In context to the above story a lot of cities around the world, San Diego - and the rest of Southern California—are facing a water security crisis. With increased temperatures, extreme weather events such as droughts, water scarcity is an imminent threat in a warming climate. Check out the insightful blog about “the drinking water of the future” to explore the underlying perceptions of the viability of potable water reuse for Sydney.
Our Latest Articles & Updates
The green transition might depend on our auditors & accountants
At COP26’s climate talks we have seen government officials, finance leaders, green activists and corporate icons on show. The world’s auditors and accountants have been underrepresented - And this is a great mistake.
Recycled water for drinking, or “the drinking water of the future” has been in use in multiple countries and cities around the world – Singapore, Namibia, Perth, and San Diego. In San Diego, a simple water treatment system purifies wastewater into water fit for drinking.
A plan for the world’s most sustainable city has been designed and is expected to welcome its first residents by 2030. Proposed for construction in an undecided desert location in the United States, the city of Telosa is estimated to cost $400 billion and accommodate a population of 5 million.
Air company, which was founded by Australian Gregory Constantine has just won a huge award from none other than NASA! Air Company is a technology, engineering and design-based company in New York that participated (and won) NASA’s CO2 Conversion Challenge with a project that converts CO2 into sugars to create new resources on Mars.
The highly anticipated U.N. climate conference COP26 is at “high risk of failure,” according to U.N. Secretary-General António Guterres. Planned to take place this November in Glasgow, COP26 intends to bring together global leaders to address the climate crisis.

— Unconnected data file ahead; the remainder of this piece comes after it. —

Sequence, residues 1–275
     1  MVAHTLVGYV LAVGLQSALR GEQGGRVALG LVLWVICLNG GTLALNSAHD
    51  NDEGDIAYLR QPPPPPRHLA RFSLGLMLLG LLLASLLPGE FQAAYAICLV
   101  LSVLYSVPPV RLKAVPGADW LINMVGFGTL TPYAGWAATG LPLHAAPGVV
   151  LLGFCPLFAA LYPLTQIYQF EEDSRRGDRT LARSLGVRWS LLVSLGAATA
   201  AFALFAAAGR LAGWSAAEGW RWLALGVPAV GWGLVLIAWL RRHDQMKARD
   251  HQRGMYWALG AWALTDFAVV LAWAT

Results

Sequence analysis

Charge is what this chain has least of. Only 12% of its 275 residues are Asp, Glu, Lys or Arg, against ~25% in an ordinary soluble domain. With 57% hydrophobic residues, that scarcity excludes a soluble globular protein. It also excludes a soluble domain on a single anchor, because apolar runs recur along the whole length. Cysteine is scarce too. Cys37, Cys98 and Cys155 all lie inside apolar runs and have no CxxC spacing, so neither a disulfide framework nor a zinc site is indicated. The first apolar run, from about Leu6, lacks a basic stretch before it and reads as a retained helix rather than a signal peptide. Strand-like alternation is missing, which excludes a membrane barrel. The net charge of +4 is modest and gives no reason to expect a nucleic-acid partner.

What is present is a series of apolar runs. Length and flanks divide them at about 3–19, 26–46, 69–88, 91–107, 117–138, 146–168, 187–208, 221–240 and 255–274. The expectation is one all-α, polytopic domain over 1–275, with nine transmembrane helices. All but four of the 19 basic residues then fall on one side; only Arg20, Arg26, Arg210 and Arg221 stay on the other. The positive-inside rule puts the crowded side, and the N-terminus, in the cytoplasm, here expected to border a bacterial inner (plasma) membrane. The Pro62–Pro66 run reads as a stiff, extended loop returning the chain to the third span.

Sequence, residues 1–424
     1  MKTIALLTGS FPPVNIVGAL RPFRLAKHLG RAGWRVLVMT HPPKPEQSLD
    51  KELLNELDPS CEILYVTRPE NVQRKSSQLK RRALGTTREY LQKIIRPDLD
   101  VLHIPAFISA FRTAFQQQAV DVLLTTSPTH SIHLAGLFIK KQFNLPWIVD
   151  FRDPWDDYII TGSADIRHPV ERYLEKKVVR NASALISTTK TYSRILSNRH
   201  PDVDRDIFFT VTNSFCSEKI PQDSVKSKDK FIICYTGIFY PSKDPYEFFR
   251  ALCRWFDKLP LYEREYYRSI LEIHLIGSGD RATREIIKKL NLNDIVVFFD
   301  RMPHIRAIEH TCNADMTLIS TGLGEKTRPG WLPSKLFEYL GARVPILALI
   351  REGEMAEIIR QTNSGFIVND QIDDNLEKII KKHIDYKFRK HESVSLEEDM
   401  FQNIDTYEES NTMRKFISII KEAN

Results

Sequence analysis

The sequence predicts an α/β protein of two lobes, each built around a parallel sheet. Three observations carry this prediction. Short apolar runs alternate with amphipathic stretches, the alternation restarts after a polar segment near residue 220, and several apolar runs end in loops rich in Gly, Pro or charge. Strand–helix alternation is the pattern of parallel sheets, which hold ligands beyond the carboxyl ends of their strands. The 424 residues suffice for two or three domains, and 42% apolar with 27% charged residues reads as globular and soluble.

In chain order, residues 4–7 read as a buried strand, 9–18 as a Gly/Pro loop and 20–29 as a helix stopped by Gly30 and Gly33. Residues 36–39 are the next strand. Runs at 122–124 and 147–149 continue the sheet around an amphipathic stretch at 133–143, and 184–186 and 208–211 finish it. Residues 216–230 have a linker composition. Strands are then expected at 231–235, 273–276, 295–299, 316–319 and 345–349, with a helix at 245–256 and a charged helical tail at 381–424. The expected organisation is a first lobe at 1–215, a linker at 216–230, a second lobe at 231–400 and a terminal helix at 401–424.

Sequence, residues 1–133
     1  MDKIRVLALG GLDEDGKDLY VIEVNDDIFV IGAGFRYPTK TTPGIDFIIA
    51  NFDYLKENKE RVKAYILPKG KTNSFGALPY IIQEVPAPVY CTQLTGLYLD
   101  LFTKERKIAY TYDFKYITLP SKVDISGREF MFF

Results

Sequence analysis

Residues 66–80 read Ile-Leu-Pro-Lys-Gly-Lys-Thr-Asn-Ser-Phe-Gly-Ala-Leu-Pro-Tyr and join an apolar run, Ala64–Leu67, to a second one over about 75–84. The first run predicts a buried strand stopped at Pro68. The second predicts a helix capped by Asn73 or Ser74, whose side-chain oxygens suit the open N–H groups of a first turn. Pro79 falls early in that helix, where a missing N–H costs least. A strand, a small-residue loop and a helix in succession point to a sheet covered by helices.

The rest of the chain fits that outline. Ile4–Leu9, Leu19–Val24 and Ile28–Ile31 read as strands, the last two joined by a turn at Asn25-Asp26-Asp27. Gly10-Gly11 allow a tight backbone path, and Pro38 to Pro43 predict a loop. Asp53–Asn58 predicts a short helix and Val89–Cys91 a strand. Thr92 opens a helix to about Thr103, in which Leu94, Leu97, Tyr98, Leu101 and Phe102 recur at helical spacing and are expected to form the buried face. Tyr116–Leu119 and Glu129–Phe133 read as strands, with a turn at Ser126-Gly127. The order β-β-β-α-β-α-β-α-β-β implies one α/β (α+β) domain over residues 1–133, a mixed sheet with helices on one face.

The world’s largest plant designed to suck carbon dioxide out of the air and turn it into rock has started running in Iceland, constructed by Climeworks, when operating at capacity the plant will draw 4,000 tonnes of carbon dioxide out of the air every year.
Businesses are problem solvers, but can they solve the climate crisis?
Businesses by nature are problem solvers as they respond to supply, demand needs and wants in their markets. From a sole trader in a small coffee shop to the board of directors at Starbucks, each day brings a unique set of challenges and requires necessary changes.
Return on Investment (ROI) is the term that is thrown around to identify if and when a company’s expenditure will return a profit, either monetarily or non-monetarily. This is based on spending, speculation, expectation and forecasting.
Organics Recycling in your Business 101: How to Properly Recycle Food Waste
Food waste is the elephant in the room. Actually, it is the million-ton elephant in the room! Millions of tons of food go unused in Australia every year and one-third of all food produced around the world is wasted.
As an attempt to capitalise on the growing demand for environmentally sound products, “greenwashers” aim to make their products or services seem healthier, more natural, less wasteful, recyclable, free of chemicals or made of natural resources.